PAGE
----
When you’re walking, the entertainment is free: The warble and trill of birds backed by insects’ intermittent buzz, the perfectly composed vistas in Nature’s seasonal palette, the warmth in your own muscles as each step carries you onto new ground.
This is what my husband and I learned on our weeklong walk through southern France. We decided to by-pass Paris – with all its concrete, traffic, and pricey attractions – and spend our vacation enjoying the rural countryside along the Dordogne and Ouysse rivers on a self-guided tour that ended in the medieval town of Rocamadour. In four to seven hours a day of tramping, we were amazed and amused by the sights and sounds to which the price of admission was only our willingness to spend the day outdoors.
The Dordogne region is rich in history. Ancient paintings within limestone caves along the river valley date from about 10,000 to 20,000 years ago, when Cro Magnon hunter-gatherers used flint to create detailed and sophisticated renderings of bison, mammoths, woolly rhinoceroses and other animals. In the centuries that followed, Romans, Franks, Arabs, Vikings, Crusaders and others left their mark. The region’s many castles and fortresses sprang up during the long power struggle between the French and the English.
Today, agriculture – think truffles, walnuts, melons, and wine – is the regional economy’s foundation. Even with tourism playing a significant role, the area remains largely rural and unspoiled, a pastoral landscape whose beauty could put the City of Light to shame.
We began our trek in the town of Meyronne, where we stayed at the Hotel La Terrasse, an imposing feudal-era chateau that looks down on a wide spot in the Dordogne. A spiral stone staircase led up to our room, an elegantly renovated chamber that still had the heavy timbers of its provenance.
Our trip had not started auspiciously. We landed at Charles de Gaulle Airport after the 7-hour flight from Raleigh, and before we even got out of Paris, my backpack was stolen as our train was about to leave Austerlitz station. With no option for chasing it down, we kept on our way. The next morning found us at the Gendarmerie in Souillac, my husband using his recently brushed-up French language skill to file a police report.
But France is far enough north that the spring days were already long. Though the visit to Souillac police ate up the first half of the day, plenty of sunny hours remained. We replaced my stolen backpack and sunglasses, laced up our trail shoes, and returned to Meyronne by early afternoon to begin the 5-mile walk to our next hotel.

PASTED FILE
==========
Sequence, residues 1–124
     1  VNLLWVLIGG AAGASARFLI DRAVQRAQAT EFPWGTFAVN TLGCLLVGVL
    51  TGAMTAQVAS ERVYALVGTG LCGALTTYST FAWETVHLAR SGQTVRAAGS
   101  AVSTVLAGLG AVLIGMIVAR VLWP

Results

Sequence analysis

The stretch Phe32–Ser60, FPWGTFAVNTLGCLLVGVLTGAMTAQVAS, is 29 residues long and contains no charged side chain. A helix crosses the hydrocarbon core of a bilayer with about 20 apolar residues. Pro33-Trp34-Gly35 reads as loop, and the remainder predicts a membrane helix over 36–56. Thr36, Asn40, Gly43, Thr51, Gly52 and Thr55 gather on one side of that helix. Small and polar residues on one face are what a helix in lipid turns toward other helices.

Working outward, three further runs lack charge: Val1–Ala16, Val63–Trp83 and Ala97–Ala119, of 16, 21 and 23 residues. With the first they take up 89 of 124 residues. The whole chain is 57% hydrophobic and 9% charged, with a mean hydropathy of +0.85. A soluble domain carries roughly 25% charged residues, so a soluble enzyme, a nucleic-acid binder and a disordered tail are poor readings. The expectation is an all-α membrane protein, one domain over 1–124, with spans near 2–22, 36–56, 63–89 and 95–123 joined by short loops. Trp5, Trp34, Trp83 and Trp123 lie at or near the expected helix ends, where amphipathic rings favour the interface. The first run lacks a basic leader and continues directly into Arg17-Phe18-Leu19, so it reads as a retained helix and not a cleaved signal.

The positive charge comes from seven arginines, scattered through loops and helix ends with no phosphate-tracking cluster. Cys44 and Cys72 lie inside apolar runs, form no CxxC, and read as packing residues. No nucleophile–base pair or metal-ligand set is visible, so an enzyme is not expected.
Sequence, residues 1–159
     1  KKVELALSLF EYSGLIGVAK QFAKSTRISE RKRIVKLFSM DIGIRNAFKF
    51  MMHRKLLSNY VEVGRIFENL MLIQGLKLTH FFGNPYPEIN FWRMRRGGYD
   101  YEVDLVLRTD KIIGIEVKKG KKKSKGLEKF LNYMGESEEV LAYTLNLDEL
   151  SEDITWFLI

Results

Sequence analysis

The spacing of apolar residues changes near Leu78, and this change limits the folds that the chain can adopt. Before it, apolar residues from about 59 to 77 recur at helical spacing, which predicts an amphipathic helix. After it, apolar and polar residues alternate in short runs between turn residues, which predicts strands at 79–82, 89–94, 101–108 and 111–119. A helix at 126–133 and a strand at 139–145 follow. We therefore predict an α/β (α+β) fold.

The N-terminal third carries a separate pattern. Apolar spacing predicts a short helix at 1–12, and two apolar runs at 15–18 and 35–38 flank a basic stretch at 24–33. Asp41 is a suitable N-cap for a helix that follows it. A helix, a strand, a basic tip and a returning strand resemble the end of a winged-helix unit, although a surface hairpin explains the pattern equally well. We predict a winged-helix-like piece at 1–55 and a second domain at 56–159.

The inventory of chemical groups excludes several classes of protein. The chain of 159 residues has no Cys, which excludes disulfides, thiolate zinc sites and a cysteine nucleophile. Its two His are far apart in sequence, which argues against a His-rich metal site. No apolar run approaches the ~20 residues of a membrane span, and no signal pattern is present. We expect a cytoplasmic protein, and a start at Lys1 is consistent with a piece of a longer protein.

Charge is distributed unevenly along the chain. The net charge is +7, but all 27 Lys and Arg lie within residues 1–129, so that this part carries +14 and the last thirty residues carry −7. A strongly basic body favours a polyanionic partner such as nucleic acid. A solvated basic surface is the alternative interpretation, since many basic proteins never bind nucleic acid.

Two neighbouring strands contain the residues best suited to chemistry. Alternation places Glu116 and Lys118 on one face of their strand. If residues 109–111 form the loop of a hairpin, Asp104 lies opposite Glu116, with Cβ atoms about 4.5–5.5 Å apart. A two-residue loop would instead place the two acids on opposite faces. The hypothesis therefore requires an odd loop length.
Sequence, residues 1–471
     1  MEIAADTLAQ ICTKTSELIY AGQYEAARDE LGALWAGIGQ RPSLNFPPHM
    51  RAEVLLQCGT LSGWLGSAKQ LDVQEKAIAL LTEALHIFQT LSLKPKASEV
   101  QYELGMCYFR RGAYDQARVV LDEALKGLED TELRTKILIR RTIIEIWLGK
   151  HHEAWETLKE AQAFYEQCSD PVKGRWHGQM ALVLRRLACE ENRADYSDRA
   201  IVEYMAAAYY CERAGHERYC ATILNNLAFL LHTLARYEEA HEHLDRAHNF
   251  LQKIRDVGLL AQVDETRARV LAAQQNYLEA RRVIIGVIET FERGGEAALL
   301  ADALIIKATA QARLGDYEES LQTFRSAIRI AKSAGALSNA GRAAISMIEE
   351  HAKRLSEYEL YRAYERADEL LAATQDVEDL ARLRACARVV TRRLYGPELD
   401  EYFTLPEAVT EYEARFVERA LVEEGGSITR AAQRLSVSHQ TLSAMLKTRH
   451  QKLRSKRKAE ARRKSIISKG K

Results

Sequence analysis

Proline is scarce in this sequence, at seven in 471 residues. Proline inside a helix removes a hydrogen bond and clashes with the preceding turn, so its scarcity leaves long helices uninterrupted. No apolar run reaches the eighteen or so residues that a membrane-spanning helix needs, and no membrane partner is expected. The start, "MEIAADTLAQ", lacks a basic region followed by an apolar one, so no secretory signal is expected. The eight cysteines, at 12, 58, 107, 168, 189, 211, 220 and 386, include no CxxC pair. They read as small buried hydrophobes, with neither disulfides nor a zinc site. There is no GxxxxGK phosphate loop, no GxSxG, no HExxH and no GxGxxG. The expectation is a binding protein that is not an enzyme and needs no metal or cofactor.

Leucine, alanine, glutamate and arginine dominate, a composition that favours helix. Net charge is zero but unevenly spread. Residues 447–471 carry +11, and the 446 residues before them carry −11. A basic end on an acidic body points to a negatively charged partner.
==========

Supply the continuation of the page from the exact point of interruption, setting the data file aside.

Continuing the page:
My husband is a lifelong backpacker, but I am not made of such hardy stuff. I like my pack light, my showers hot, and an actual bed beneath me at night. Our tour organizer, Inntravel, met all those needs, making it possible for us to hike the 50 rural miles together without endangering our marriage.
The company, based in York, England, specializes in “slow travel.” Slow travel has roots in the “slow food” movement and grows from a mindset that puts emphasis “less on manic sightseeing and more on taking in your surroundings at a relaxed pace,” according to the website of IndependentTraveler.com. Inntravel folks set up our itinerary with stays in little hotels rich in history and most meals prepaid, and they arranged couriers to move our luggage from place to place. Then they provided us detailed directions and let us make the walk for ourselves, at our own pace.
That first day, our walk led us out of Meyronne along a country road and eventually onto a narrow track through a mossy forest at the foot of the region’s signature limestone cliffs. Since ancient times, the cliffs have provided cave-like shelter and the honey-beige rock that is still the main building material in the Dordogne valley.
We ascended away from the Dordogne and settled into forest bordering its tributary, the Ouysse, to emerge from a narrow valley just up the road from the caves of Les Grottes de Lacave. A little further on, we reached the bridge to our next hotel, Le Pont de l’Ouysse (translation: Bridge on the Ouysse). The centuries-old stone bridge right in front of the hotel was in rubble, and we had to go a bit farther to the more recent bridge. The elegant hotel awaited us, with its Michelin-starred restaurant.